• Assessing the possible potential of implement [sic] a CRM system into the University of Chester

      Page, Steve; Azadpour, Amir (University of Chester, 2007-09)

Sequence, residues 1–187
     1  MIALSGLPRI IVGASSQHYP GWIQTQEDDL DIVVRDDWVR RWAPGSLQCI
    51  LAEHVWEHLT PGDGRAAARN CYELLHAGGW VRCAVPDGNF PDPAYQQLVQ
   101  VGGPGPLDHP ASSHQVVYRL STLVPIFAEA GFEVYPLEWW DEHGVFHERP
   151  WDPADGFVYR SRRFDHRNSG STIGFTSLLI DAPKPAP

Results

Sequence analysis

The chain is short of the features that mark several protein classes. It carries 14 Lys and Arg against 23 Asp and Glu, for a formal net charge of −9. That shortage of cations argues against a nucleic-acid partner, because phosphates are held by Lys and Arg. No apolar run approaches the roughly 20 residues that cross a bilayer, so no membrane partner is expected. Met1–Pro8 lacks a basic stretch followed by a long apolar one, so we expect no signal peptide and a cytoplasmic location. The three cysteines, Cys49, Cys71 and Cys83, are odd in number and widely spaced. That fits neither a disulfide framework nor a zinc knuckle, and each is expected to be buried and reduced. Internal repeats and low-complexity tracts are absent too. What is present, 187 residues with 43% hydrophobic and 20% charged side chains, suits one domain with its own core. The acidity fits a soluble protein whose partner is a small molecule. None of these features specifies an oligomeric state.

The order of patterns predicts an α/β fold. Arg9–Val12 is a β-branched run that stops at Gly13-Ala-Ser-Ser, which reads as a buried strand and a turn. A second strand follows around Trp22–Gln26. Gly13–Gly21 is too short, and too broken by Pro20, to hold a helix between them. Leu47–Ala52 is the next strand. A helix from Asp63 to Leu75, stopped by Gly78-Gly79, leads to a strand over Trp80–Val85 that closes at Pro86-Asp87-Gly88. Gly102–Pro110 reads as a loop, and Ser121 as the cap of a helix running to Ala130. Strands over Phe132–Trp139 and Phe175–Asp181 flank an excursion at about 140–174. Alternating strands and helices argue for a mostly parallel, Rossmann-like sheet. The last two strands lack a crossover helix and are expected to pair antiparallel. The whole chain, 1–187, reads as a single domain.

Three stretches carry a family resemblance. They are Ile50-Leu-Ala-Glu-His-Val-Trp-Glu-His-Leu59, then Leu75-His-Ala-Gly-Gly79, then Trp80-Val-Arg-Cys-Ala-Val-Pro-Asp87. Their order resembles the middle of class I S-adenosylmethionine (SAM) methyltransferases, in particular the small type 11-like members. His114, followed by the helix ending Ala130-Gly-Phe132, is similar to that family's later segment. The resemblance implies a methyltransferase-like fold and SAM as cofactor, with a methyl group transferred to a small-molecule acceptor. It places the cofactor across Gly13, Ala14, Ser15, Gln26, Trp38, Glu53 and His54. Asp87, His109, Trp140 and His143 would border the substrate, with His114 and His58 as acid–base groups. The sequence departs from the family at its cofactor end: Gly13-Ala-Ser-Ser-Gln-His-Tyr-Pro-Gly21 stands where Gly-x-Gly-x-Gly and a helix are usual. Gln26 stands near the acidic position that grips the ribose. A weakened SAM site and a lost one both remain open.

Today technologies and computer based systems are helping managers to achieve their organisation goals. However, strategies and tactics which organisations have to adopt depend on the short or long- term plans and visions which change the concept of using models and technologies in information system areas in an organisation. Managers believe that the HI sector is changing. Students are becoming more demanding and looking for added value from their education. Also Universities are now having to become more competitive and responsive to the needs of students. Nowadays, because of demand, there is a requirement for HEI's to be competitive and their future business success depends on developing beneficial relationships with student. One of the most useful systems for this reason is CRM. Today more than 80 Higher Educational Institutes (HEI) in the UK use all or some functions of the CRM system (Agresso newsletter, 2007). It seems that, in order to achieve their goals, senior managers in HEI's should integrate systems to collect, keep and use historic data and use students life cycle to be able to generate types of data which informs their marketing strategy. This strategy will also feed into a HEI's strategic plan. The ability to develop successful customer relationships lies in an organisation's ability to understand its customers and their needs. Indeed, organisations need to identify "real customers and individual basis" and communicate with them appropriately (Mitussis, 2006). The collection, analysis and use of information to identify, understand and meet customer need is crucial to the successful implementation of a CRM system. As a result, technology, initially in data base format, is widely regarded as a core component of CRM as the data used aims to build a long-term connection between the company and customers. As such, CRM can be regarded as a "business strategy that uses information technology to provide an enterprise with a comprehensive, reliable and integrated view of its customer base" (Zikmund et al., 2002). This documentary -based study uses qualitative method for data collection from utilising CRM for University of Chester as a case study. The researcher used empirical research and 3 exploratory study in order to discuss the possible potential of utilising the CRM system with regards to vision and strategy in the University of Chester. Indeed, to examine other HEI's experience implementing CRM systems, the researcher chose Roehampton University because it had similar characteristics, demographics and background to the case study. In order to avoid the problems and decrease the risk of the implementation CRM system in the University of Chester with regards to plans and activities which an organisation has to do, the following are the recommended key steps to a successful CRM strategy: Strategic context. The organisation should understand how CRM fits into the context of the company's overall business strategy, Capabilities assessment. The assessment is to be done to confirm the company's current CRM capabilities. Business case development. The organisation needs a good reason to implement CRM other than simply following new technology trends. Implementation plan creation. Create and execute a plan which clearly defines how to achieve the goal and execute it. (Nguyen, 2007) Competitive advantages that organisations could gain from CRM systems include the following: increase in customer loyalty, superior service, superior information gathering and knowledge sharing and organisational learning. This study highlights potential benefits, limitations and general features about a CRM system at strategic level that might be taken into consideration in case CRM system is be implemented in University of Chester.